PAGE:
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I have read on many websites that using

ob_start(); 

can enhance your page load times, as it stores the php in a variable and displays it in one go rather than processing the php a bit of a time.

Also it is extremely useful for

header('location: /');

Some people say that this is spaghetti code, but as long as the code is clear and concise to any programmer then this should not be a problem, right?

What are your thoughts to using it, and what do you set as your output buffering, are there pros and cons to how, when and why I should or shouldn't use it.

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Regarding the second question part: Is it "OK" to have "ob_start()" in the beginning of all PHP pages? - it is widely considered to be hack if its purpose is just to prevent the headers already sent error. But then, it's a functional hack. Just beware that reliability depends on wether PHP implicitly flushes (the default buffer size can depend on php.ini settings). –  mario Apr 19 '11 at 12:01
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3 Answers

up vote 6 down vote accepted

This question has some very good commentary on the topic

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The main advantage of output buffering is that you can use it with the ob_gzhandler which will compress your output so you use less bandwidth. Good to use if your server is not setup to send php files compressed.

Another advantage is if your script uses a database or other constrained resources and you have some output before closing your connections or releasing those resources. Instead of having this kind of thing:

  1. Connect to database
  2. Start sending output to the user
  3. Wait for the user to receive everything
  4. Close the database connection

You have:

  1. Start buffering
  2. Connect to database
  3. Output some things
  4. Close database connection
  5. Send the buffer to the user.

When your script would need to be connected for 100ms to the database and your user need 300 more to download it, you can understand how output buffering can help releasing some stress on the database connections limit.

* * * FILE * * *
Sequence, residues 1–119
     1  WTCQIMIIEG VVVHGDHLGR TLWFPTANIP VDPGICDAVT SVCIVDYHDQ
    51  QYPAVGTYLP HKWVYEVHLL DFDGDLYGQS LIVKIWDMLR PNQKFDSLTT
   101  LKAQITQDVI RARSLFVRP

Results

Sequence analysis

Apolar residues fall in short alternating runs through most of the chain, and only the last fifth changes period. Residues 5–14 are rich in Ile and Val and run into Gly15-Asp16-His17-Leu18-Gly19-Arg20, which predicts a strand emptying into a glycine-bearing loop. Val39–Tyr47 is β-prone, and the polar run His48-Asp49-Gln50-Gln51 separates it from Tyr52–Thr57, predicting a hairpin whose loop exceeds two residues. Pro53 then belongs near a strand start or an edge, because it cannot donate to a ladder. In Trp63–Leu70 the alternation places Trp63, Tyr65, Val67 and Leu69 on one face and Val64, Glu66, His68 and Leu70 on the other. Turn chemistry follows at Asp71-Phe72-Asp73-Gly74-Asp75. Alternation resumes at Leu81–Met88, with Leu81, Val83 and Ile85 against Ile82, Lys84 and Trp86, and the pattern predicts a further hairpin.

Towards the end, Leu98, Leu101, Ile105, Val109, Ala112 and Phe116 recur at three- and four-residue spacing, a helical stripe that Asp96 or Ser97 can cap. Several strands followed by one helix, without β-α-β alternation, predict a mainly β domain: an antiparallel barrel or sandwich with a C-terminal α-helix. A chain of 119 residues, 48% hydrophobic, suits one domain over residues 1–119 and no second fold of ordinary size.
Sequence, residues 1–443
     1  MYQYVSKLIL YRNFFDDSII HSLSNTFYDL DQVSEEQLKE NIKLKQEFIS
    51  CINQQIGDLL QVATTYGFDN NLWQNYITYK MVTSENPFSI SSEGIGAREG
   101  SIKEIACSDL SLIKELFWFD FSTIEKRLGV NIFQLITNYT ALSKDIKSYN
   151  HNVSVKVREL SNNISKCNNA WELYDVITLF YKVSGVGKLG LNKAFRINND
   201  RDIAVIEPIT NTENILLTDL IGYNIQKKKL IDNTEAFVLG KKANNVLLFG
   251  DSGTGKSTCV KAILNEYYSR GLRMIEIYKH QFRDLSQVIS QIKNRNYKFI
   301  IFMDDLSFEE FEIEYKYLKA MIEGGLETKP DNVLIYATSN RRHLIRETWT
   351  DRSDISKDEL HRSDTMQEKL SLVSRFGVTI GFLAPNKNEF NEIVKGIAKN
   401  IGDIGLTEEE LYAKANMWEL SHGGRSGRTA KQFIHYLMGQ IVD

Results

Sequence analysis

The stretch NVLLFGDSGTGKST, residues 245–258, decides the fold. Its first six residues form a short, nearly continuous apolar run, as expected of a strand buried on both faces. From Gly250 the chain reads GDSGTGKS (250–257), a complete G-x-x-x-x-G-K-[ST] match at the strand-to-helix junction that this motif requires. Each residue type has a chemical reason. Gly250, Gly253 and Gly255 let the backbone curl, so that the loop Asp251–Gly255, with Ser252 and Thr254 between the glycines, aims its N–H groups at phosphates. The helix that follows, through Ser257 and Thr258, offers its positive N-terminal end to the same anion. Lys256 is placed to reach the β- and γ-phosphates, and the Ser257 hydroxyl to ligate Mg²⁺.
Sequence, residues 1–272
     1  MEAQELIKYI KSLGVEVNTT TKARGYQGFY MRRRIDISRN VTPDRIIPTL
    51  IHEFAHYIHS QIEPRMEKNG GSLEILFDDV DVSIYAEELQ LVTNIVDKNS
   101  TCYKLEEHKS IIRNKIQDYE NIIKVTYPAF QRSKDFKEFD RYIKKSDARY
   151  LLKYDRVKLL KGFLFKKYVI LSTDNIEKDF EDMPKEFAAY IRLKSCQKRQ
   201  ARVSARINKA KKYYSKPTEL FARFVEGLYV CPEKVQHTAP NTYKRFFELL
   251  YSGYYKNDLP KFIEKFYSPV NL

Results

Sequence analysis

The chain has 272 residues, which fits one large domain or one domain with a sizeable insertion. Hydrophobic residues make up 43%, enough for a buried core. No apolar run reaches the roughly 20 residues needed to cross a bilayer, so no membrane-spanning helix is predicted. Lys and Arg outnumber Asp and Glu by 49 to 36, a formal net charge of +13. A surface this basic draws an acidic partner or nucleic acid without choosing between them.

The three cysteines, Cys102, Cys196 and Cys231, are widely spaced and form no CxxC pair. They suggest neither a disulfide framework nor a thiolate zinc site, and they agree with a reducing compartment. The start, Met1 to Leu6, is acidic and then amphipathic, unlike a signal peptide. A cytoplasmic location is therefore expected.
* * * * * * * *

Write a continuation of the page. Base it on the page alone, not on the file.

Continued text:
I know something coded well using a well configured server could nullify those advantages, but you never know who will code after you and you don't always have control of the server it's running on.

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some user dont know php well. so they use ob_start wrongly.

if you are using header functions such as header(), cookie(), session you dont have to send any output. these function have to use from before output.

but some user is to stop sending output using ob_start or output buffering function.

so you could use javascript or meta forwading to forward user.

<script language="javascript"> window.location = 'some.php'; </script>

or you could use meta refresh to forward user.

<META HTTP-EQUIV="Refresh" CONTENT="0;URL=some.php"> 

if you really need to use header function you must dont send any output(dont forget that enter character or space is or UTF-8 signature is output too)

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-1 - It's not wrong to use ob_start as a method of preventing output being sent. However, normally, it could probably impact performance and mean that you have a layering problem in your code. –  Mathias Lykkegaard Lorenzen Jul 9 '13 at 10:50
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